Delmarva Power filed an appeal in Sussex County Superior Court on Wednesday, challenging the state’s decision to direct the power company to negotiate with several would-be energy providers, including BlueWater Wind, which has proposed to build an offshore wind farm.
Delmarva Power has consistently argued, and did in Tuesday’s appeal, that any of the proposed supply options would be too pricey for their customers and recommended striking all the bids to provide long-term energy.
Those bids included the wind farm, a “clean-coal” plant at Indian River and a natural gas plant upstate. The Public Service Commission and three other state agencies agreed last month to direct Delmarva to negotiate with BlueWater as a primary provider and the other two companies to serve in a backup capacity.
“The intent of the legislation enacted by the General Assembly last year, which resulted in these negotiations, was to lower, not increase customer bills,” Kirk J. Emge, a Delmarva Powre attorney, said in a statement Wednesday.
State legislators approved legislation last year to search for long-term, innovative and cost-effective supply options for Delmarva Power after rates jumped dramatically in May 2006. In its appeal, Delmarva Power also argued that state officials deviated from the rules of the process by favoring a hybrid approach that was not supported in any of the submitted bids.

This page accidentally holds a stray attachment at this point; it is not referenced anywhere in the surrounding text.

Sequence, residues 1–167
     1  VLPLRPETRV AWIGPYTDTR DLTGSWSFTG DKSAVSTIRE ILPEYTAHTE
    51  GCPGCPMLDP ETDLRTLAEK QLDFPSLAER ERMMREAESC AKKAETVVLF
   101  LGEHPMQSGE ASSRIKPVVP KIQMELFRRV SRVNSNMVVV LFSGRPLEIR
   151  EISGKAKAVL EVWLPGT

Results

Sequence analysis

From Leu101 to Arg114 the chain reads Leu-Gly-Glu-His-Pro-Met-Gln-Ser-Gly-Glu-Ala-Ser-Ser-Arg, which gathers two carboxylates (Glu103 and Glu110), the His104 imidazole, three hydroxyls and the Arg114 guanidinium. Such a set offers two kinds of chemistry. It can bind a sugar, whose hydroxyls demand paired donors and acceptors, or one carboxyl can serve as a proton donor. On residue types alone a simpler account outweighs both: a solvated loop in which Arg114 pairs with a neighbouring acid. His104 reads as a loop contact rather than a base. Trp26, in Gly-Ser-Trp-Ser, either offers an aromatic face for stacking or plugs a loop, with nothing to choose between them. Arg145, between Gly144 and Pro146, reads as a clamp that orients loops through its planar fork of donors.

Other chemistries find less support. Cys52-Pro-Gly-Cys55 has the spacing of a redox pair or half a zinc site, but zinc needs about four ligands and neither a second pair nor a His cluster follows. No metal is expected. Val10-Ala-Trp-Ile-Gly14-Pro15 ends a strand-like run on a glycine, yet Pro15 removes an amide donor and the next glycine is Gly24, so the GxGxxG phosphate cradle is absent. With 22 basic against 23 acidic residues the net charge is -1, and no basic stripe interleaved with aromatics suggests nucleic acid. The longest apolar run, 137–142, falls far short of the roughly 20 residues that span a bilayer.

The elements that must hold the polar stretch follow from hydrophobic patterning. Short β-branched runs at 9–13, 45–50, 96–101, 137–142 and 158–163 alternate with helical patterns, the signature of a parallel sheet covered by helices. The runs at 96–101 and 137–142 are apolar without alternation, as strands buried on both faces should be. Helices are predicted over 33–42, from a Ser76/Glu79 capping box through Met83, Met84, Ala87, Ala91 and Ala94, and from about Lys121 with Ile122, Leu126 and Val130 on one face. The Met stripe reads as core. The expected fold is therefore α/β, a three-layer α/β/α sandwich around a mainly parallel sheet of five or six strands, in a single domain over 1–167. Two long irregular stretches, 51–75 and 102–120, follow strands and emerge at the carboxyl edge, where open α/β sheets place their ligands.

“In essence, the commission ignored (the legislative) mandate for cost-effective power by requiring negotiation for not just one but two over-priced contracts,” Delmarva Power’s appeal reads.
Delmarva Power officials said they plan to continue negotiations as the situation plays out in court but refused to comment further. Jim Lanard, a spokesman for BlueWater, said company officials are “troubled” by the appeal. “But we remain hopeful that if Delmarva negotiates in good faith we can reach an outcome that is in the best interests of Delmarva’s customers.”
Lanard said a negotiation meeting was scheduled for Thursday. Michael Sheehy, deputy director of the Public Service Commission, said the commission staff had received a copy of the appeal by Wednesday afternoon. A staff report issued before the commission vote first recommended a hybrid approach, with BlueWater as the primary provider.
“We’re planning on pressing forward until told to do otherwise,” Sheehy said. “Delmarva Power has exercised a legal right that it has.”
Secretary John Hughes of the Delaware Department of Natural Resources and Environmental Control, one of the state agencies that directed Delmarva Power to negotiate, commented on the situation Wednesday.
“They don’t seem to be able to accept the thrust and reality of wind power,” Hughes said of Delmarva Power. “Delmarva Power is engaged in turf battles, and perhaps for good reasons.” Hughes added, “Never in my career have I seen Delawareans so uniformly in agreement with an energy proposal as they have been for wind. There’s cross-cutting, broad-spectrum support.”